The legitimation and continuance of these unusual executive powers are enormous disappointments to Michael Ratner and his colleagues. The lawsuits and activist campaigns by these men and women accomplished much in the decade after 9/ 11, much more than they anticipated at the beginning. They built up a global social movement of activists, lawyers, foreign governments, and the media, to bring habeas corpus rights to GTMO and to pressure the government to release all but the most dangerous prisoners there. “Obviously, getting six or seven hundred people out of Guantanamo out of the nine hundred was a huge accomplishment,” notes Ratner. Working in the ecology of transparency, Ratner and his colleagues, as Ratner himself said, “have also taken on what I consider the most egregious aspects of what I call the national security state since 9/ 11, and made them public debating issues.” By making the issues matters of public debate, they ensured that the courts and Congress and the American people had to engage in the issues, and to address them.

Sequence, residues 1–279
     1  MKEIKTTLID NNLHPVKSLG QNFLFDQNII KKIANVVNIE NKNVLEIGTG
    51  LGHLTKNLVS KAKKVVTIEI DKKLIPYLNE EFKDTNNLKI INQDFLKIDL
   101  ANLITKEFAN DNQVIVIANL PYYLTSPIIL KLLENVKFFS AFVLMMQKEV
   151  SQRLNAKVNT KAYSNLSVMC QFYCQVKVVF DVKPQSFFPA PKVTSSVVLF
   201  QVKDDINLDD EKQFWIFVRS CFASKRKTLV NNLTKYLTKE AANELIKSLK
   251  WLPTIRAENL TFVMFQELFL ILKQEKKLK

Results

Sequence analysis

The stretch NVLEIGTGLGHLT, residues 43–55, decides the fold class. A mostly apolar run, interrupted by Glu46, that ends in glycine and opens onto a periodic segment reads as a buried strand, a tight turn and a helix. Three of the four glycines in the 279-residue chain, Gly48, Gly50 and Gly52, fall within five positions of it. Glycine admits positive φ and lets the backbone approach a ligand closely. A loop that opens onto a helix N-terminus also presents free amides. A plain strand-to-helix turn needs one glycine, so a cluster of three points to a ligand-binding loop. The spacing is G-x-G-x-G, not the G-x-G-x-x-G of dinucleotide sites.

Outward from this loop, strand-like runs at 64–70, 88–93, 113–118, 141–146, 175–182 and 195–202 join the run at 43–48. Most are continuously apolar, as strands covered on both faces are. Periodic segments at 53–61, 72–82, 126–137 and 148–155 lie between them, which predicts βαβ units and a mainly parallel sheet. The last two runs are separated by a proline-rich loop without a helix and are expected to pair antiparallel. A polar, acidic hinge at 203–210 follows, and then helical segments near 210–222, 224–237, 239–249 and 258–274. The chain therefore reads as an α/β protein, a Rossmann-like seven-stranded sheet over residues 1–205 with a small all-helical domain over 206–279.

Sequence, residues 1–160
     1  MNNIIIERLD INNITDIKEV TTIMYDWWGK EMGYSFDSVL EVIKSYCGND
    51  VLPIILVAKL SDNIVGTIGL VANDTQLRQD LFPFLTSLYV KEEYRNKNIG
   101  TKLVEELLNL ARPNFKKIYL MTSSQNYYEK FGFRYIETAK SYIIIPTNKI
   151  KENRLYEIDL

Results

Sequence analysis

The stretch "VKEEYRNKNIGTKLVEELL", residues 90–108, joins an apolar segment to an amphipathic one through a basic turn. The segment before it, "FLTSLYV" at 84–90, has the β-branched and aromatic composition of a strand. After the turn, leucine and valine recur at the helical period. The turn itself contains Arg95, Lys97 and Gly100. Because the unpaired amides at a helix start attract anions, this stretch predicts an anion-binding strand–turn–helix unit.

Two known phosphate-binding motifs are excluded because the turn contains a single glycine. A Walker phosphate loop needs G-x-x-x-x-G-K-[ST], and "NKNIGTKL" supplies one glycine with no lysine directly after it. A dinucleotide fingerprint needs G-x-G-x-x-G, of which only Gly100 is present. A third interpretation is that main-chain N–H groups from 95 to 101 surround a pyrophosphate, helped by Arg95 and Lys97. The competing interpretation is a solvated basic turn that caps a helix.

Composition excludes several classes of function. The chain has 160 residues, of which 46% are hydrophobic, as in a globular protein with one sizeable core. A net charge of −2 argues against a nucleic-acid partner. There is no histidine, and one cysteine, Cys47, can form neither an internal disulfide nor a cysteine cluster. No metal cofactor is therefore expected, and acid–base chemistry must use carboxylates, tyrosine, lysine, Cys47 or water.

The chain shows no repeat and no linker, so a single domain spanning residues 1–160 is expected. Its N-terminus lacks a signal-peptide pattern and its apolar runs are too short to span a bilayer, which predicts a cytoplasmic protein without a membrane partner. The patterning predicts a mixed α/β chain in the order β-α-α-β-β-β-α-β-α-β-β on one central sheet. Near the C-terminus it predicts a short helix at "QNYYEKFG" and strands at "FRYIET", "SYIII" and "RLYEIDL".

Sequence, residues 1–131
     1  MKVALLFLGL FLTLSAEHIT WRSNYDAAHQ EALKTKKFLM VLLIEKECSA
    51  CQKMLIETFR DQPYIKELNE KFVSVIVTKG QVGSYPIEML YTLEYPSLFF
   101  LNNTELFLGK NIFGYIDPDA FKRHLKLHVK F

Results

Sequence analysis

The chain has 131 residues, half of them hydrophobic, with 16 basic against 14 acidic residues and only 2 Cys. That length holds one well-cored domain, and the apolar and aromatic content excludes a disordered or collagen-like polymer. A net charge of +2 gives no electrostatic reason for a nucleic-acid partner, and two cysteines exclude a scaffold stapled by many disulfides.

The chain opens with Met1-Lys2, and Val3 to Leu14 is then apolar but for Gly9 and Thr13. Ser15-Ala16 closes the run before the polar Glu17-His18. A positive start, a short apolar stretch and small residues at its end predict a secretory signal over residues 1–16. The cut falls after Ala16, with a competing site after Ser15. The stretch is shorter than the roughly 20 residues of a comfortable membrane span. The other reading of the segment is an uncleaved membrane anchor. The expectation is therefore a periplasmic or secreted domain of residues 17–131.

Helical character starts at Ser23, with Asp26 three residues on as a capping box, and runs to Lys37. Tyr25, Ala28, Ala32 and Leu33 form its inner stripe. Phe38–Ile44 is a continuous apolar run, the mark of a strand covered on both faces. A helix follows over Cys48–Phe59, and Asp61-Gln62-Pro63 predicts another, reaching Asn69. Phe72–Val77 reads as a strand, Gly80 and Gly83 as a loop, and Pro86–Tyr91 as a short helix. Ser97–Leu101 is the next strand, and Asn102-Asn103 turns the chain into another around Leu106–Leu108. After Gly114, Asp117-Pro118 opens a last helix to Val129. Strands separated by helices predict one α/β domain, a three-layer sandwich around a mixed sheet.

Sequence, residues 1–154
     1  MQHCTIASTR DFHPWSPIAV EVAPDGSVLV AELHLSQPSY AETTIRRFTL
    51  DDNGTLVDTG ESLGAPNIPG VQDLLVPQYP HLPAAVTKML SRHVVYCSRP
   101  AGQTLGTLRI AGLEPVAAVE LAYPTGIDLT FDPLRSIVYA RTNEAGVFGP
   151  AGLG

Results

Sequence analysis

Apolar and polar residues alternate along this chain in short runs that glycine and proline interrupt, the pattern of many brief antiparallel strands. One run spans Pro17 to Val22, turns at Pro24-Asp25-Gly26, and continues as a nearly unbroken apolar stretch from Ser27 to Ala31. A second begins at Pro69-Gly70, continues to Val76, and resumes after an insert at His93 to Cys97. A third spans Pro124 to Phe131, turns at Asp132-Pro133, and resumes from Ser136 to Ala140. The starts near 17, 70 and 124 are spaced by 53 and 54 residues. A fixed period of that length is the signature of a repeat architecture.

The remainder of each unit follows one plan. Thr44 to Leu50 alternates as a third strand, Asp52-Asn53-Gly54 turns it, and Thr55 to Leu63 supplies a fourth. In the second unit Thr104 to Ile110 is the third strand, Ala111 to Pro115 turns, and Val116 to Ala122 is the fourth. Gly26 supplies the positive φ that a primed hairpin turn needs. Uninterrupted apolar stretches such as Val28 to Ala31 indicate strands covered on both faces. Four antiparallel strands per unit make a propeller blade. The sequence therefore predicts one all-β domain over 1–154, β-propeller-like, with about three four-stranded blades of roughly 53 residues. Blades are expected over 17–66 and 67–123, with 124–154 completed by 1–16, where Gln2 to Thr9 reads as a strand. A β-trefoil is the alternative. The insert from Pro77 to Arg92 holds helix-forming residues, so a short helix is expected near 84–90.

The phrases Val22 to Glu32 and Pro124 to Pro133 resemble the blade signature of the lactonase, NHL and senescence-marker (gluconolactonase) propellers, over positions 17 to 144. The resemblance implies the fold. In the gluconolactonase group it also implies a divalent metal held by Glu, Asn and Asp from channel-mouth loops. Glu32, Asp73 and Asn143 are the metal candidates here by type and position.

But the bitter reality for Ratner and his colleagues in the GTMO Bar is that the courts, Congress, and the American people do not share their outlook, and the United States is in a place at the end of 2011 where Ratner desperately did not want it to be. The GTMO Bar won landmark Supreme Court decisions on due process for detainees, on habeas corpus, and on the limits of presidential power over military commissions. And yet stepping back from these battles, Ratner believes that he and his colleagues lost the war. “We lost on the enemy combatant issue, and the definition. We lost on the preventive detention issue, more or less. We lost on the military commission issue, more or less.” They lost on these issues because while the courts and Congress imposed significant constraints on these traditional practices by the Commander in Chief, they also affirmed the legitimacy of the practices in the round. The efforts of the other branches of the government placed these practices on a much firmer foundation than they were during the early unilateralist era of George W. Bush. The foundation became firmer yet because it was embraced, albeit grudgingly, by the administration of Barack Obama. “My problem is that when you have a Democrat doing it as well as a Republican, . . . both the good and the bad becomes embedded in the rule of law,” says Ratner. This is a problem for Ratner because he thinks that military detention, military commissions, and many other wartime prerogatives of the Commander in Chief are unnecessary, immoral, or illegal. But for those who disagree with Ratner on these points— for those who believe that the terrorist threat remains real and scary, and that the nation needs a Commander in Chief empowered to meet the threat in unusual ways— embedding these presidential prerogatives in the rule of law is an enormous blessing. It is a blessing, ironically, for which the nation has Michael Ratner and his colleagues to thank.